THE STRINGER relies on a host of technologies to unleash mayhem around the world. Here’s a look at some of them, all of them real, all of them around right now.
Fake Email Generators are marketed as a way to protect your precious email account from nefarious spammers, and who can argue with that? But it doesn’t take a genius – although Mark Scribner is a genius — to fathom the potential downside for society. If I can send you an email that looks in every way shape and form as though it came from someone legitimate, I can really mess you up. I can certainly mess them up.
I have some experience with that. Back in 1999 a man I didn’t know decided he didn’t like my politics, my writing, the general cut of my jib, I don’t really know what his real problem was. He used a primitive listserv to send emails under my name to a bunch of my colleagues and editors. It could’ve been worse, though it was pretty bad. The emails were pompous and self-congratulatory and annoying, or seemingly so since they weren’t really sent from me, and it annoyed my editor at the New York Times enough for him to fire me. He seems to have stopped, which is a good thing because fake email generators would have made him even more dangerous.
Misleading Social Media Accounts are as easy as pie to create. Many people, famous and not famous, don’t have Twitter or Facebook or other social media account at all. It’s incredibly easy to go online, as Mark does, and create real-sounding accounts for them. It’s slightly more challenging to spoof someone with a well-established online presence, but hardly impossible. Because Silicon Valley doesn’t bother to check the identities of people who create these accounts, you can create an alternative account under someone else’s name that sounds legitimate.
While I was finalizing the script, and Pablo was drawing his amazing illustrations, I read an article about Deep Fakes, in which existing video and audio archives are mined and fed into AI algorithms in order to build a vocabulary of gestures and speech and verbal tics so that a subject target can be made to appear to be saying anything you want. Without giving too much away, suffice it to say that these are an important part of the plot line.
And there’s no end in sight. For example, it is already possible to create fake three-dimensional representations of you and me that have nothing to do with you and me. It all happens inside the VR/AR virtual world.
It’s my nature to dwell on the downside risk of new technologies, but as my father, a notable aeronautical engineer told me once, technology is neutral. There are plus sides and downsides. Splitting the atom led to the destruction of Hiroshima and Nagasaki; nuclear power keeps the lights on all over the world. Whether technology is a net positive or a negative depends on how it is applied in the aggregate. In the dark world of THE STRINGER, fakery becomes a tool for the most nefarious possible actors. But it doesn’t have to be that way.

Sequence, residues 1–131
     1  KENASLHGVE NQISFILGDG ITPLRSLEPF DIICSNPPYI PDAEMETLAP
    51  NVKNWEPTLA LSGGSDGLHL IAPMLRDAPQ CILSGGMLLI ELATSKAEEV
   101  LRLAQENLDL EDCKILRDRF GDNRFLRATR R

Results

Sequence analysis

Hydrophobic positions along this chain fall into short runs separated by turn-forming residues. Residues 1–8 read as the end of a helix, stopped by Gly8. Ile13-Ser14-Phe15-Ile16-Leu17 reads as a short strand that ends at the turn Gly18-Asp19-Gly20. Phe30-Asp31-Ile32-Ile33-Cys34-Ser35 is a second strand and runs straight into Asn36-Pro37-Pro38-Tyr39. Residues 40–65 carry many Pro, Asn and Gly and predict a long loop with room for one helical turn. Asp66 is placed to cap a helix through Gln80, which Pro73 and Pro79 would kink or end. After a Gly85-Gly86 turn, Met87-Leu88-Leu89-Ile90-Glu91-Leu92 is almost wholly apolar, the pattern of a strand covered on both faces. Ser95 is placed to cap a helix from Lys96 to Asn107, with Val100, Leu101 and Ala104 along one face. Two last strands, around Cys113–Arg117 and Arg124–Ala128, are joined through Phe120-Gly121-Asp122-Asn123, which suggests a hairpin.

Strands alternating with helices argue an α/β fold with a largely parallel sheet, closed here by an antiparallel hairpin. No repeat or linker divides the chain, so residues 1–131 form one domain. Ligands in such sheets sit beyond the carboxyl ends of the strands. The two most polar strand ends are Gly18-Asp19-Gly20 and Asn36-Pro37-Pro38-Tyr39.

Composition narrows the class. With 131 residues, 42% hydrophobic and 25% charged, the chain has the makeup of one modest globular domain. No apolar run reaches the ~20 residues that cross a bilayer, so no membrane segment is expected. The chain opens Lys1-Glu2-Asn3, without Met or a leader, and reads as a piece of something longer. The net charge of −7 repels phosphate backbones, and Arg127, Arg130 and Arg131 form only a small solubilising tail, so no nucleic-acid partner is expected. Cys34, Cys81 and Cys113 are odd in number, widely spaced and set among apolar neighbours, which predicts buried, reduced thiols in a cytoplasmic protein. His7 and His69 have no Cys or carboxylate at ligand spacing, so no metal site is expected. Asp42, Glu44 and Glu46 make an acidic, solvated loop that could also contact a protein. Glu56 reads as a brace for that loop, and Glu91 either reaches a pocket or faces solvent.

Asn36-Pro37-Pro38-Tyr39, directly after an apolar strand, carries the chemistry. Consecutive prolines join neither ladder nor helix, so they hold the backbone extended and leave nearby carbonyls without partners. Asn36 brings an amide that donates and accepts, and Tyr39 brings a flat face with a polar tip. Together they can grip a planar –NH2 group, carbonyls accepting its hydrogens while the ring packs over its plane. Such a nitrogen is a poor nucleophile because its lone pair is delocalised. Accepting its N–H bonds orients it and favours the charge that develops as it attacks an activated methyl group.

My new graphic novel THE STRINGER drops next month in April. A tale of journalistic corruption in an age of high-tech warfare, THE STRINGER is a collaboration between me, as writer, and the Spanish artist Pablo Callejo. I couldn’t possibly be more excited that I’m about to hold the book, printed on old-fashioned paper, in my hands any day now.
Probably the first question that comes to mind is: I’m a cartoonist. Why not draw it myself? The answer is the same as when I worked with Pablo on “The Year of Loving Dangerously” (2009), a gorgeous, unconventional book that came out ahead of its time in the middle of the Great Recession. (Don’t tell anyone, but Important People in Hollywood are trying to figure out how to turn it into a movie.) I have a highly stylized, economic drawing style. Some people might even call it primitive. Some stories call for a lot more detail, and THE STRINGER’s globetrotting narrative with settings and flashbacks and heavy characterization certainly was one of those.
I knew from working with Pablo before that he could pretty much read my mind and put on the page exactly what I was thinking based on my scripts. For “Year” this guy, who had never been to New York, stunningly evoked the wild and crazy New York City of the 1980s. So I was incredibly grateful when he agreed to work on THE STRINGER despite our disappointment with the original sales of YEAR. (Fortunately, NBM later graced us with an expanded edition in paperback that really does the artwork justice.)
In a future blog post here I will describe my collaboration process with Pablo. He has already posted about that here as well.
99% of the work that I do, whether it’s editorial cartoons or essays for the Wall Street Journal or graphic biographies, by necessity are required to work within formatic and editorial constraints. Editorial cartoons have to run fairly small. Anything that runs in a “family newspaper” can’t include cursing or obscenity. There are a number of conventions in working within the political longform format. And of course that’s true about this graphic novel as well.
But, like a lot of artists, I’m sensitive to criticism and I often think that my most “Ted Rall” work is least popular with readers, and vice versa. I’m sure this is something that I should work out with a psychologist, but in the meantime, I struggle with self-censorship, with trying to tone down my internal voice and my real personality when I write scripts for a story.
THE STRINGER is a rare exception to that.
Mark Scribner, a classic antihero protagonist if there ever was one, is basically me as all Id, no ego or superego. He’s an experiment. What if I drowned myself in my deepest moments of cynicism? What if bitterness and ambition became my personal religions?